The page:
Australian Geographic Magazine ~ Article and Interview

The extended Australian Geographic Magazine Article and Interview ~ Issue 128 ~ Naturewatch ~ Acacias

What species are you painting here? This piece is a major work measuring 5x3foot in size, illustrates both the male and female Red-Tailed Black Cockatoos nestled into a Stenocarpus sinuous, a plant more commonly known as the Firewheel Tree, draped in delicate clusters of Old Man’s Whiskers. Inspired by a love of native plants, the bold tones brilliantly rich colours of these subjects proved to be a truly dynamic and spectacular combination to work with.

Can you tell me a little about your processes? Talk me through the steps you take to create a commission… Concept, gathering reference and doing your research are always the first step to creating a piece. The bigger the piece, the more involved and extensive this initial process becomes. It is a time consuming element of this work that is often overlooked when considering the final product, but this is an essential stage of observation, familiarization and education. It is here that the mindset is groomed to persevere, and an intense emotional connection to my subject is established, one strong enough to sustain me through the marathon that lies ahead.

As with all major works, it was an extremely involved process from the start, and in this case, I drew on resources far and wide to find the elements that were required. Even the renowned artist Bill Cooper and his wife Wendy were enlisted to help on this one, kindly sourcing trees that were in flower for me to work with wherever possible. Ironically, after some months of waiting eagerly for the trees to flower in my own area, I discovered that I had one flowering in my very own garden! At the same time, work was underway to source the Black Cockatoos to work with, another difficult task. However after traipsing around, being held hostage for over 2 hours by the cockatoo who had fallen in lust with me I was finally rescued, leaving with several bleeding body parts, some bruising and a swag of wonderful images, and I began the real work of putting it all together. Every painting has its story.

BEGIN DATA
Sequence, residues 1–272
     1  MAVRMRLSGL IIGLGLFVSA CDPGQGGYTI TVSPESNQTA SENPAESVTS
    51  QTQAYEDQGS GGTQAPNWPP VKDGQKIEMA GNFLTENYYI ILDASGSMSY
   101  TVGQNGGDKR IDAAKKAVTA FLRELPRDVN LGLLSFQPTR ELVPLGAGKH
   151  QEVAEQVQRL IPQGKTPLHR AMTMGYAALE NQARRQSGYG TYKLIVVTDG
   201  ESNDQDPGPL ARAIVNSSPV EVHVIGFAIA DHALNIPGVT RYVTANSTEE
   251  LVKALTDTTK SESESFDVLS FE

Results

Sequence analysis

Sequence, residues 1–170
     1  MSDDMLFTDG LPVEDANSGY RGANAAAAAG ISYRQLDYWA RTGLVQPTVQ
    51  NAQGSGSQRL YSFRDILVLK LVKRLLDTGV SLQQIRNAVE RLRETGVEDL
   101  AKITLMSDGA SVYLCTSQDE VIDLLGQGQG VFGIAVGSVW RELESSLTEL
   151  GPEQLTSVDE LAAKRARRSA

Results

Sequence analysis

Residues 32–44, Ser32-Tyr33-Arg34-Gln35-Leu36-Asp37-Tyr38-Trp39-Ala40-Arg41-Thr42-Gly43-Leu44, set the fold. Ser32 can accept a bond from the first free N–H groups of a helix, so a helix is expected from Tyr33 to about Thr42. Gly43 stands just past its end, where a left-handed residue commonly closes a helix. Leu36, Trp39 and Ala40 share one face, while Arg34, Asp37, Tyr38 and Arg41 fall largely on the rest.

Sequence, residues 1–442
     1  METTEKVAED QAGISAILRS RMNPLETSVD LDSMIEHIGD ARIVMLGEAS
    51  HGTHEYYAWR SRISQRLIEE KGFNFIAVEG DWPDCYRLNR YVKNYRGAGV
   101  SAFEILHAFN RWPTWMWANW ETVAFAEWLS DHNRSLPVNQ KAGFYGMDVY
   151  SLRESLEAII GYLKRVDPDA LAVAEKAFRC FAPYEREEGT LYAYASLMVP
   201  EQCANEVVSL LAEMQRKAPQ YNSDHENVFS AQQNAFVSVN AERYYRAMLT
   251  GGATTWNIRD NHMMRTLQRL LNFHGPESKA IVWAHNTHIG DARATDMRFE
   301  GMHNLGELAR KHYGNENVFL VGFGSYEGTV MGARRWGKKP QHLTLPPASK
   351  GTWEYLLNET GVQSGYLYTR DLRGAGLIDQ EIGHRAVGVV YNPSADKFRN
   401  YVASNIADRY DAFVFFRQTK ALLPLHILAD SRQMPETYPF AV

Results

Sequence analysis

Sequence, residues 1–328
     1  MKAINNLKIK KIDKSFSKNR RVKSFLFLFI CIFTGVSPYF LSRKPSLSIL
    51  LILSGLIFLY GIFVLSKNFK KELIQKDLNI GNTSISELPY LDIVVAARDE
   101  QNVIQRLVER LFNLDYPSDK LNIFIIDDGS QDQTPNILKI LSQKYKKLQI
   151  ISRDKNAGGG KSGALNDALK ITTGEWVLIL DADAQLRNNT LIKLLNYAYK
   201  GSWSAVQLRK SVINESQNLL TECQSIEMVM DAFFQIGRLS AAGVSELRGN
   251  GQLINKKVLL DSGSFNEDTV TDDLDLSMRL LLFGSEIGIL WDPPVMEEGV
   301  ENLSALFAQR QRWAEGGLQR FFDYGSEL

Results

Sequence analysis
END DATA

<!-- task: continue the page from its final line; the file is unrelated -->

Gathering my specimens, taking my photographic references, I began throwing it all around in my head until my layout on paper mirrored the vision I held in my minds eye and the layout was complete. The days of drawing begin, working intricate, immaculate graphite lines upon fresh white paper, drawing until hands cramp and blisters develop on top of well established callus to completion. Exhale, smile, painting can now begin. Palettes aligned, pigments laid out methodically, precisely, the brush can now begin its work. Collecting water, loading the brush up with its paint, it touches the paper delicately and confidently for its first nervous stroke, and the 2000 hour painting marathon begins.

What do you use as reference material? I work from any and all points of reference that I am able to source. My preference is to work from live specimens and photography.

What are some of the more challenging aspects of the work? Working like this is not a small interest; it is a discipline that you live your life by, a dedication, and with it comes many sacrifices. For me, some of the greatest challenges in this work are elements that are in some ways outside of the physical painting process. Skills such as mind and time management are essential to the work that I do. Having the discipline and perseverance to start and see a project as big as this through is one of the real skills required here, and maintaining your body through long hauls of work like this, particularly in the case of large works is a critical area of challenge too.

What do you love about this type of work? There is so much to love about this type of work. Mine is a diverse world of such beauty, a completely absorbing life and vision that revolves around colour, light, form, wander and wonder, sustaining me in every way. One of the greatest things about my work is to be able to share my love of the world around me with others, to be able to create something that moves, inspires and enriches others is a wonderful thing to have in life, I think.

What inspires you? Do you feel any special connections to the Australian landscape/flora? Australia is so abundant in unique natural beauty, it is a place you can’t help but feel connected to, and for me it is definitely soul deep. It is a place that fills me with constant awe, inspiration only ever a glance away. Its rich tapestries of colour and texture, of pure light and endless intricate worlds to discover, fill me with enthusiasm and the constant, overwhelming urge to explore it further. It is a place of soul food, a wonderful love affair that I want to share with the world as beautifully as I can’

The 8 Acacia (wattle) Illustrations for the September Issue can be more closely viewed on my recent blog post